Hart files appeal over daughters' murders
Court documents have been filed to launch an appeal for a man who was convicted of murdering his twin daughters in a central Newfoundland lake.
Nelson Hart, 42, who was convicted of two counts of murder in 2007, believes he was the victim of an unlawful sting operation.
A jury found Hart guilty of drowning Krista and Karen, who were three years old, at Gander Lake in 2002.
Hart was convicted on evidence that included covertly recorded videotapes of Hart meeting with an undercover RCMP officer. Hart, who believed the man was a criminal boss, was told he would need to prove his toughness — and reveal what he did to his daughters — in order to advance in the organization.
"When they got out of the car, I took them down the wharf, and to look at the fishes," Hart told an officer at a meeting in a Montreal hotel room in 2005.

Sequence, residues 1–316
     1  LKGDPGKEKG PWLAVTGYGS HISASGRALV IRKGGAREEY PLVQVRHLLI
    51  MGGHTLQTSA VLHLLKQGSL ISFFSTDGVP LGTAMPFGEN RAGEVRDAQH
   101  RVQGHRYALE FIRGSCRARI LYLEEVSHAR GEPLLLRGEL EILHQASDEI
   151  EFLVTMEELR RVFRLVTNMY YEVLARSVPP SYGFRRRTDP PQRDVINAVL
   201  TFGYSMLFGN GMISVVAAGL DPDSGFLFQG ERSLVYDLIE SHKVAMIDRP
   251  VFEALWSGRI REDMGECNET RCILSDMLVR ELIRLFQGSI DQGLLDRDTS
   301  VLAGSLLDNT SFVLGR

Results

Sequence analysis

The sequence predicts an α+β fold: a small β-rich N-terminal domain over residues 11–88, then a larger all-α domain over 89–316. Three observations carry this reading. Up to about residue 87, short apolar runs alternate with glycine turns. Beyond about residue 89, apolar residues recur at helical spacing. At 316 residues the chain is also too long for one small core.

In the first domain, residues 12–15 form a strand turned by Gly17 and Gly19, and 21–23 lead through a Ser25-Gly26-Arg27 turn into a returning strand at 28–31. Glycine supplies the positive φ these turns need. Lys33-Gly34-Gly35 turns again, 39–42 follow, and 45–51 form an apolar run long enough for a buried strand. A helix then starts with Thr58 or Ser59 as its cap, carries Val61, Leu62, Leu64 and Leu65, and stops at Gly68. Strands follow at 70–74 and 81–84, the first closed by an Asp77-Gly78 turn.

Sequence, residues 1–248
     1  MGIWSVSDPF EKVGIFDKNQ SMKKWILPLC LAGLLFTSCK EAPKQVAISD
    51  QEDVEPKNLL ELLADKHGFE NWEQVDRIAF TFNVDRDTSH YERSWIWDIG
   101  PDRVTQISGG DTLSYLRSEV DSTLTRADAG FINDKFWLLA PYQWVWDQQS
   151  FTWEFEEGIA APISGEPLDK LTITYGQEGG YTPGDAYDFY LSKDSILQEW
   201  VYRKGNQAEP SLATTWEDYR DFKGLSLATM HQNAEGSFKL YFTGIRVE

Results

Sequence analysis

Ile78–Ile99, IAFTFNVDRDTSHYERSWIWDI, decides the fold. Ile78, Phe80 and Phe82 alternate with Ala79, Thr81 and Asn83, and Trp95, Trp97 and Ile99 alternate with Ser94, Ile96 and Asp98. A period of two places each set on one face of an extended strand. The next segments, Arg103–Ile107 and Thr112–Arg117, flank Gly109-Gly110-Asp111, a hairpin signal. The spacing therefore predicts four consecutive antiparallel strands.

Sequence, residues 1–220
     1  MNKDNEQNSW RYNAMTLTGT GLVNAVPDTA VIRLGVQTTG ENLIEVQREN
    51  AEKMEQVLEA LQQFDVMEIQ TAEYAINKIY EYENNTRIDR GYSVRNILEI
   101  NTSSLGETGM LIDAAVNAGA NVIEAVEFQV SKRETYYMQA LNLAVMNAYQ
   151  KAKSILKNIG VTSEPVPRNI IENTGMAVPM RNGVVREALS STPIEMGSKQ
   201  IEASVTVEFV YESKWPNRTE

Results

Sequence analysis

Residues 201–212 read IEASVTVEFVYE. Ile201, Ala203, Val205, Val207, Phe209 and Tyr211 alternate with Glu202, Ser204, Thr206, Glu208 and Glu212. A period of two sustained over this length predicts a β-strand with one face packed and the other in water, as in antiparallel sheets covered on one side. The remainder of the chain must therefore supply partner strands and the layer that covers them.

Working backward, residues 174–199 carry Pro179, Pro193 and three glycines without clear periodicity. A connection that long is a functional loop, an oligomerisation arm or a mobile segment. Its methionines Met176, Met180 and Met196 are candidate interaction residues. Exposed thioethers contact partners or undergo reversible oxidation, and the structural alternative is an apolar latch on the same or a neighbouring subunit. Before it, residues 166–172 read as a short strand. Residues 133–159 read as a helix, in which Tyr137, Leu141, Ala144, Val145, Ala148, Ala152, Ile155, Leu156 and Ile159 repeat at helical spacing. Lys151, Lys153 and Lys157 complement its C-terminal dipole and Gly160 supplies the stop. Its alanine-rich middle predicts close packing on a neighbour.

"When they looked at the fishes, that's when I struck them and they went over the wharf, and that's how they drown."
A few days later, Hart accompanied an undercover officer to the scene, and showed him how he did it.
Hart has been seeking an appeal since he was convicted, although he has in the past refused to co-operate with the process.
Authorities went too far: claim
Documents filed with the appeals division of Supreme Court of Newfoundland and Labrador argue that authorities went too far with the so-called Mr. Big scenario that was used to secure a confession.
"The actions were designed to circumvent the protections afforded by the Charter," the appeal reads.
The appeal also focuses on Hart's dissatisfaction with Derek Hogan, the legal aid lawyer who represented Hart at trial. Hart had also asked Justice Wayne Dymond to be allowed to testify in camera — that is, without the public in the court.
Dymond said no to the request.
The appeal argues that Dymond erred when he did not look more closely into Hart's complaints about his lawyer, and that Hart should have been allowed to testify in camera.
Hart's lawyers are asking the appeals court to decide on several possibilities, including acquitting Hart altogether or ordering a new trial.
The appeal is scheduled to be heard in early June.
With files from Glenn Payette